• If you get a “doggy bag”, refrigerate perishable foods within 2 hours after purchase.
Posted on January 14, 2013 by Stacy Anthony
Recent studies show that bone and teeth health, as well as breast, colon and immune system health, can be improved simply by making sure you get enough vitamin D.
Senior citizens, especially, can be affected by low levels of vitamin D. According to a study published in the Archives of International Medicine, an estimated 40-100 percent of older adults in the United States are deficient in vitamin D. As a result, they can experience declines in thinking, learning and memory, and may have an increased risk for Parkinson’s disease. Additionally, this deficiency has been linked to bone fractures and various chronic diseases.
Since it can be very difficult to take in enough vitamin D through diet alone, many health experts recommend an increase to the Recommended Daily Allowance for vitamin D, suggesting you get a minimum of 2,000 IUs each day.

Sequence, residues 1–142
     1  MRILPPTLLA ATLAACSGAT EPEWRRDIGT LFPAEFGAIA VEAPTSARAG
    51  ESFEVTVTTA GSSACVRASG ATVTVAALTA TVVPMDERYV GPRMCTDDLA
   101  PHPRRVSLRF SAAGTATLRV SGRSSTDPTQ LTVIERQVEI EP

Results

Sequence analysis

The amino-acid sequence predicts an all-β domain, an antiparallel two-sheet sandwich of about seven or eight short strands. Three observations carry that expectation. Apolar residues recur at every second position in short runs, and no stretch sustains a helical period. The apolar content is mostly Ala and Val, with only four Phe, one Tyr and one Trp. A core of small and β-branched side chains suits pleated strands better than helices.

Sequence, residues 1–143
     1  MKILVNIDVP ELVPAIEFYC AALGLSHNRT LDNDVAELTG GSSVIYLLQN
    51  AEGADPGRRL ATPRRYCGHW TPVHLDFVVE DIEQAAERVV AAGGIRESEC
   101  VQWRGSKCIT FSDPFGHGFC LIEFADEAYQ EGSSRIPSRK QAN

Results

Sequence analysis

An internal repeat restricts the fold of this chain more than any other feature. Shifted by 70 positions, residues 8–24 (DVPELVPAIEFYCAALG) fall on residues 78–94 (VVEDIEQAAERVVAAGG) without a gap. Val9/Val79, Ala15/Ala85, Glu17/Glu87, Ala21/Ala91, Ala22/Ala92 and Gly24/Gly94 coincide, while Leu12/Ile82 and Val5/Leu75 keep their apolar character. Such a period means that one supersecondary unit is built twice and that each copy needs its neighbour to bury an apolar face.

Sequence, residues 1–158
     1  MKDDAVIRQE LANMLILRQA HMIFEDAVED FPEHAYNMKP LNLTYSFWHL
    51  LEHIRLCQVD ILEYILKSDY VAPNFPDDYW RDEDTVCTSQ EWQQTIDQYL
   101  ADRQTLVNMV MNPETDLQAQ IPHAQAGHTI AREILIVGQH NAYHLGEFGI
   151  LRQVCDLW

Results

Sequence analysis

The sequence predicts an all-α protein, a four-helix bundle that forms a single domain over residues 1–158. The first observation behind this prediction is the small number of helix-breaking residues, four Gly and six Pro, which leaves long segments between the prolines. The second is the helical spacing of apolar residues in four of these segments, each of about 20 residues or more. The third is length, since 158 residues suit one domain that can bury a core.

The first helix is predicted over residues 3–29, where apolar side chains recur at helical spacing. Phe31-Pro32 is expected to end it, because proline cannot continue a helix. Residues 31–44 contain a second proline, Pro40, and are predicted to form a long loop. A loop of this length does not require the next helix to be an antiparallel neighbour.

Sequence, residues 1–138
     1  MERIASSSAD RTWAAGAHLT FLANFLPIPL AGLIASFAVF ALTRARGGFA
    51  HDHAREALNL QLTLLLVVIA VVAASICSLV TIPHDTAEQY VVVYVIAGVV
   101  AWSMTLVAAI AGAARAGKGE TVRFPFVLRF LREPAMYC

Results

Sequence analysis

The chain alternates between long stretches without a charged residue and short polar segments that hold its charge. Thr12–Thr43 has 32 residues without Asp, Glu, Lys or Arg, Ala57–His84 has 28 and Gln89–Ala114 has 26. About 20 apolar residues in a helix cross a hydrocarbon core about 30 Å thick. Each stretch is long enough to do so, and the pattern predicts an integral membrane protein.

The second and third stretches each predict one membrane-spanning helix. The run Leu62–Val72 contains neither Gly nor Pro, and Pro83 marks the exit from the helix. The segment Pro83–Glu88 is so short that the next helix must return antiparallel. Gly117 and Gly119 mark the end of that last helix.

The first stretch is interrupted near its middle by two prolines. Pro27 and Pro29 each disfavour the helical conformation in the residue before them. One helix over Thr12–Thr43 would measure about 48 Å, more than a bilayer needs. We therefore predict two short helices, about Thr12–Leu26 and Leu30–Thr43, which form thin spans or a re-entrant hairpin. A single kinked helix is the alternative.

And while your body will naturally produce vitamin D when exposed to sunshine, doctors recommend you use sunblock when you go out to protect yourself from skin cancer — which prevents absorption of the vitamin. In addition, the lack of sunshine in many locations or a person’s lack of mobility — and therefore inability to go outdoors — means that many people are at risk for vitamin D deficiency.
Fortunately, there are steps you can take to get the vitamin D you need:
• Take a nutritional supplement, readily available at your local pharmacy or grocery store .
• Add one tablespoon of white cod liver oil or other fish liver oils to your diet daily.
• Use mushrooms in salads and soups.
• Drink beverages fortified with vitamin D, such as milk, orange juice and soy.
• Breakfast or snack on cereal fortified with vitamin D.